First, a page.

Preserving the Past, Informing the Future
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Born in Hebron, Oct. 20th, 1755; educated at Dartmouth College and graduated in 1775; read law in Hartford under the tuition of Jesse Root, Esq., (afterwards Chief Justice) and was admitted to the Bar in Hartford county, in Nov. 1777, and settled in Hebron, his native town, then in the county of Hartford. On the organization of Tolland county, in 1786, he was appointed State's Attorney for that county, and continued in that office until 1807, (21 years,) when he was appointed Chief Judge of the County Court, and Judge of Probate, and continued to hold and exercise those offices until May, 1825, except the time he was absent, attending the 15th Congress of the United States, of which he was a member. From the early part of his practice, until the year 1810, he had one or two law-students in his office, and in that year, he commenced a regular law-school, and continued it six years, with from seven to ten students. The whole number of young gentlemen who read law under his tuition, is 56, a majority of whom completed their studies preparatory for the bar, in his office.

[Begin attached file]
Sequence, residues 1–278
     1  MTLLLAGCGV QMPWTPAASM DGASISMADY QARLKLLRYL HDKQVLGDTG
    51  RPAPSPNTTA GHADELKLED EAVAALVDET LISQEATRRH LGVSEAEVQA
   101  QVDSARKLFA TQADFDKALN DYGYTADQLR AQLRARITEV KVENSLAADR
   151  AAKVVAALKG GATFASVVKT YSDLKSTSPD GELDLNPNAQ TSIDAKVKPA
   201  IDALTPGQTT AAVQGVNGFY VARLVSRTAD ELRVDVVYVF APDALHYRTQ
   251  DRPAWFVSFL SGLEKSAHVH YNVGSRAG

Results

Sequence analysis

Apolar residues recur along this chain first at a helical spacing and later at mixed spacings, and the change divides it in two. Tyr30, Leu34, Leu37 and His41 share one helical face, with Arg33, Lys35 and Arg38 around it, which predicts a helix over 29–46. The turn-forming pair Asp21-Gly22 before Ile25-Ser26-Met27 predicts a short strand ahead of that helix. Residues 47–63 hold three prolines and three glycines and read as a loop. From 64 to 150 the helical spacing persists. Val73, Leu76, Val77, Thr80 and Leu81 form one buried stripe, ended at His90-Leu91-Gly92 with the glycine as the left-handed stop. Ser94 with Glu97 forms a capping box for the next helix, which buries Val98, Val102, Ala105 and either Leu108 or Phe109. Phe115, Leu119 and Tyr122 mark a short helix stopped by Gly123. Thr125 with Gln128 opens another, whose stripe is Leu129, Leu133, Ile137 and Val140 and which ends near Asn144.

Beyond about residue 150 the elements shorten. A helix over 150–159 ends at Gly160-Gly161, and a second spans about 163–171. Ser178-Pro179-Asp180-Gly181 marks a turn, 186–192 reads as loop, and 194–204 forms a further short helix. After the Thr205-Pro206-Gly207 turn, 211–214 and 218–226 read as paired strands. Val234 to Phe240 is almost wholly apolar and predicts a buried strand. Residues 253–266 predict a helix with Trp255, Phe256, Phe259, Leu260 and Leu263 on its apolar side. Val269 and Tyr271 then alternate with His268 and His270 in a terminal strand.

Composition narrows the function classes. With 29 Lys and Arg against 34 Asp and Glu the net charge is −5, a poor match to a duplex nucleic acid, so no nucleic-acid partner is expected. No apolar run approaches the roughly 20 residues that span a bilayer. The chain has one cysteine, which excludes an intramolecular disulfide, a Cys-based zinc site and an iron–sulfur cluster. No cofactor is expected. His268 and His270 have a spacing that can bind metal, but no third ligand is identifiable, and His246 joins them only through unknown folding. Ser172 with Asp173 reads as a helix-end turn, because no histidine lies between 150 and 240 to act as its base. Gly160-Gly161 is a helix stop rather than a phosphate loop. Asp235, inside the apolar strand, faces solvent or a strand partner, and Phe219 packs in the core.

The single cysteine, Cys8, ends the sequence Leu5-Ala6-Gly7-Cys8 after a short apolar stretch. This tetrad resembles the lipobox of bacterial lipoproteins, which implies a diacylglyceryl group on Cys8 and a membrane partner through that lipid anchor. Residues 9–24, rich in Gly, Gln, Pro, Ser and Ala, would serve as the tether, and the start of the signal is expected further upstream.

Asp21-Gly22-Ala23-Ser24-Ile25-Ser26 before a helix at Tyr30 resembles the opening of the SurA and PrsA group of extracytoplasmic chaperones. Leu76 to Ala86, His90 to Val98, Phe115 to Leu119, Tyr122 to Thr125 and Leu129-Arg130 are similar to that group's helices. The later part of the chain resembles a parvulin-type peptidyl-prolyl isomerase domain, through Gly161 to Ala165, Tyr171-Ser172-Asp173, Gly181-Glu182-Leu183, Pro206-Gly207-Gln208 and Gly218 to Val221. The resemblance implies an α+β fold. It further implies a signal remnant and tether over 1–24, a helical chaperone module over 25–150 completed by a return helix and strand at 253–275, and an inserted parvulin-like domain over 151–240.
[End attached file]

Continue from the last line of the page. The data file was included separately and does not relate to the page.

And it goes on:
In September 1780, he was chosen a member of the General Assembly, being then the youngest member of the House. Between that time and the adoption of the new constitution of the State, he was thirty times chosen to represent the town of Hebron in the General Assembly. In the year 1826, he was once more chosen and attended, when he was the oldest member and formed the House. He was one of the Committee appointed in May 1795, to sell the Western Reserve.
He held various town offices at different times, and was town clerk for twenty three years in succession.
After the close of the revolutionary war, there was a great increase of litigation. The courts were crowded with litigants. Of this business he had a large share.